Business Leadership South Africa (BLSA) has defended its decision to contribute R18 million for a risk assessment probe reportedly costing R50 million at the behest of former Eskom CEO André de Ruyter, saying the work falls squarely within the ambit of its responsibilities.
Business Unity South Africa (Busa) CEO Cas Coovadia and BLSA CEO Busi Mavuso said at a joint media briefing on Thursday that the appointment of George Fivaz Forensic & Risk to investigate corruption at Eskom was not an anomaly but to support the work of law enforcement authorities confronting systemic corruption.
“Eskom continues to be the ground zero for siphoning funds out of the state,” Mavuso said.
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“Enabling a capable state to provide support to state-owned institutions and other public sector initiatives is in the ordinary [course] of business for BLSA,” Mavuso said.
De Ruyter approached BLSA in 2021 to assist with the risk assessment at Eskom, the results of which could be handed over to law enforcement authorities to further investigate or prosecute. He has on numerous occasions lamented the high levels of crime and corruption at Eskom. He recently implicated a senior politician, claiming the politician had said people should be “allowed to eat” in relation to the alleged spending of an $8.5 billion climate change fund. He alleged that the power utility conservatively loses R1 billion a month to corruption.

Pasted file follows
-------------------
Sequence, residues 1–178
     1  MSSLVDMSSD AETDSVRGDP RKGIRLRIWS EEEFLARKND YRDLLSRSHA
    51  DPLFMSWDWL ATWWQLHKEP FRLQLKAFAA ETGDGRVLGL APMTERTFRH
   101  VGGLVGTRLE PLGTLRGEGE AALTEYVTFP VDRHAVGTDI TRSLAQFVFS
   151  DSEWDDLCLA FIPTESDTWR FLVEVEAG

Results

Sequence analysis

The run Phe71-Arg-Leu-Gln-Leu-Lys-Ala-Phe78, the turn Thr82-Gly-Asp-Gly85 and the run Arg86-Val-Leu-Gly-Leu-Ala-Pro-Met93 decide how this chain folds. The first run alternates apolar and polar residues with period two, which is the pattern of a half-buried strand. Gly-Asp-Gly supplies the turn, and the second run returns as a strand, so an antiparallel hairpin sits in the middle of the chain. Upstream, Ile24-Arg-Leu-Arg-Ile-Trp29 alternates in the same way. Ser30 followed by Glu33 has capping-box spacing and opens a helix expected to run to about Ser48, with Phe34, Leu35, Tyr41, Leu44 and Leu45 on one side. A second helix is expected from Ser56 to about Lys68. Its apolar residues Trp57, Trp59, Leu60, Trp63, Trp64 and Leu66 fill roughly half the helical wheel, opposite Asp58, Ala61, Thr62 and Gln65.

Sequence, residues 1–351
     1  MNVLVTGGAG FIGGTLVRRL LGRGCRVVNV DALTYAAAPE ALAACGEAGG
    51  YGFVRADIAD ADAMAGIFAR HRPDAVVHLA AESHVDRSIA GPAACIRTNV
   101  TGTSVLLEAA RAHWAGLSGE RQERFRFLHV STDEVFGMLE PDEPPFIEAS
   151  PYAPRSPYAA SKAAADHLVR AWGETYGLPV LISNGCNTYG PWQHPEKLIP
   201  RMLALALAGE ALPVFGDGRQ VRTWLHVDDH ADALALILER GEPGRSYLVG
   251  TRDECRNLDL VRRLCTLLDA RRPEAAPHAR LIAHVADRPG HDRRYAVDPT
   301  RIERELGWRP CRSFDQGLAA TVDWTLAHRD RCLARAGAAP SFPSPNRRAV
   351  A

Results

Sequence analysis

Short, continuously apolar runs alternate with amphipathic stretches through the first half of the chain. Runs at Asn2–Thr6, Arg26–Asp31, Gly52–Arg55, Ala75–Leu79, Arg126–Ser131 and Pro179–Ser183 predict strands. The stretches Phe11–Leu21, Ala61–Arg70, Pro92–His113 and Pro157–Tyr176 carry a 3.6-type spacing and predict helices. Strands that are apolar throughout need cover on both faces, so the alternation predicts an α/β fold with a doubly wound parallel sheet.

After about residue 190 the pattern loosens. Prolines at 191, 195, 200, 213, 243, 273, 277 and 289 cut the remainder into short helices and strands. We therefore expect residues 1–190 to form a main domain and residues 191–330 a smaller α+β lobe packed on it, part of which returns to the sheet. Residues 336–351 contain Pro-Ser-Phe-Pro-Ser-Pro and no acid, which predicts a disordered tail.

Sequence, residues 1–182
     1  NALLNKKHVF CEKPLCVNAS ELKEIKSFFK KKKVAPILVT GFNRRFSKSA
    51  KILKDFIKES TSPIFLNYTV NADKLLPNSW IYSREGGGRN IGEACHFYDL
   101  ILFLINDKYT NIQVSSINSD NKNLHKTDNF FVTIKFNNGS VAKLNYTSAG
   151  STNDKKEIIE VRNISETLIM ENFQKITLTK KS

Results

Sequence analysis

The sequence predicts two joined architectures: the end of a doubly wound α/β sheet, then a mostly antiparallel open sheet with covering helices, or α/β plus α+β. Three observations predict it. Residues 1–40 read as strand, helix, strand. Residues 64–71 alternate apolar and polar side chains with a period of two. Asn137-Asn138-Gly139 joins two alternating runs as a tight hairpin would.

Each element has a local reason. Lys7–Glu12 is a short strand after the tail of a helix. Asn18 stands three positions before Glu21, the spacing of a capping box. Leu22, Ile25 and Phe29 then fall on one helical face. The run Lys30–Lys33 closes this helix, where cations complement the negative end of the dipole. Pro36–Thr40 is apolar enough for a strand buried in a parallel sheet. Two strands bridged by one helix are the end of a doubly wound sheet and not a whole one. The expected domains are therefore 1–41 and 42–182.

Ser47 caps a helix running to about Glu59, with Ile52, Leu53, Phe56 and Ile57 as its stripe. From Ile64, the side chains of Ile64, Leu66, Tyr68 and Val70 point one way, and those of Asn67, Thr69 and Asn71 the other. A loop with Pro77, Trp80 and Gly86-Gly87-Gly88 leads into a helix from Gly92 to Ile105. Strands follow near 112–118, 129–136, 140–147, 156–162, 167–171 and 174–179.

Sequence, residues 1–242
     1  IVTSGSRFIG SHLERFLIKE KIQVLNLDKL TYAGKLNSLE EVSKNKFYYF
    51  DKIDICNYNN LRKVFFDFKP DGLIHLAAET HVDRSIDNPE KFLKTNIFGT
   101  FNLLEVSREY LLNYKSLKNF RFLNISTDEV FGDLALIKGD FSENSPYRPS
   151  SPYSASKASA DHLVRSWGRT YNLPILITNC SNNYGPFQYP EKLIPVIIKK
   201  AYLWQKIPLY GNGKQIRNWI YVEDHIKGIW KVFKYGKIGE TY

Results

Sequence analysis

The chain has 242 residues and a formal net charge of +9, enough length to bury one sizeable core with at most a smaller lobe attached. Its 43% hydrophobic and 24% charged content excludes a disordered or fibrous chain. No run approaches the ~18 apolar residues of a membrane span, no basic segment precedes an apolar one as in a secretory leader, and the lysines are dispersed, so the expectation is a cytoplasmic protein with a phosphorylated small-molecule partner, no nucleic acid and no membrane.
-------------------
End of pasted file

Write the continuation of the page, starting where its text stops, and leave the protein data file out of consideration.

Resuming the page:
It was on based on the understanding that De Ruyter had gone through internal processes in an attempt to address the allegedly illegal acts at Eskom that intervention was deemed necessary, Coovadia said.
“We were also aware that it was a matter of public knowledge that the Eskom CEO was … trying to get the authorities involved in dealing with that. So the work he asked us to fund, in our view, was work that would actually enable the authorities [to act],” said Coovadia.
According to News24 reports, the probe cost R50 million.
While the source of the balance of the R50 million remains unclear, Mavuso said the BLSA’s contribution of R18 million received full board support. She said the funds came from an existing budget allocation within BLSA, reserved for spending on initiatives of a similar nature.
There has been some backlash against the probe from the likes of the Black Business Council, which said in a statement last week that BLSA was teetering on interfering in Eskom’s issues.
But both the BLSA and Busa hit back strongly against the criticism.
“We don’t consider that interference, it is certainly our view that the work we are being asked to fund will be used by Eskom to actually inform law enforcement,” Coovadia said.
Mavuso confirmed that BLSA received the Fivaz report and said the contents suggest that it was handed over to law enforcement agencies.